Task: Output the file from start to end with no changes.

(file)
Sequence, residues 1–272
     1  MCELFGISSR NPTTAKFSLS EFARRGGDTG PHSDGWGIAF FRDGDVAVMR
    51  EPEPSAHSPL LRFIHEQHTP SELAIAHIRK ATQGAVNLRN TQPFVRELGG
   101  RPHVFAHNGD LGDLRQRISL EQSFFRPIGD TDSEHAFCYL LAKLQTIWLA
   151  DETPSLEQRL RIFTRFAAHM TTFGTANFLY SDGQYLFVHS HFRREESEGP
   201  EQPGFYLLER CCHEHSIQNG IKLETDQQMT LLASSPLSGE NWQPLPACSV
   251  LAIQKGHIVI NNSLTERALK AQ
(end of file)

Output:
Sequence, residues 1–272
     1  MCELFGISSR NPTTAKFSLS EFARRGGDTG PHSDGWGIAF FRDGDVAVMR
    51  EPEPSAHSPL LRFIHEQHTP SELAIAHIRK ATQGAVNLRN TQPFVRELGG
   101  RPHVFAHNGD LGDLRQRISL EQSFFRPIGD TDSEHAFCYL LAKLQTIWLA
   151  DETPSLEQRL RIFTRFAAHM TTFGTANFLY SDGQYLFVHS HFRREESEGP
   201  EQPGFYLLER CCHEHSIQNG IKLETDQQMT LLASSPLSGE NWQPLPACSV
   251  LAIQKGHIVI NNSLTERALK AQ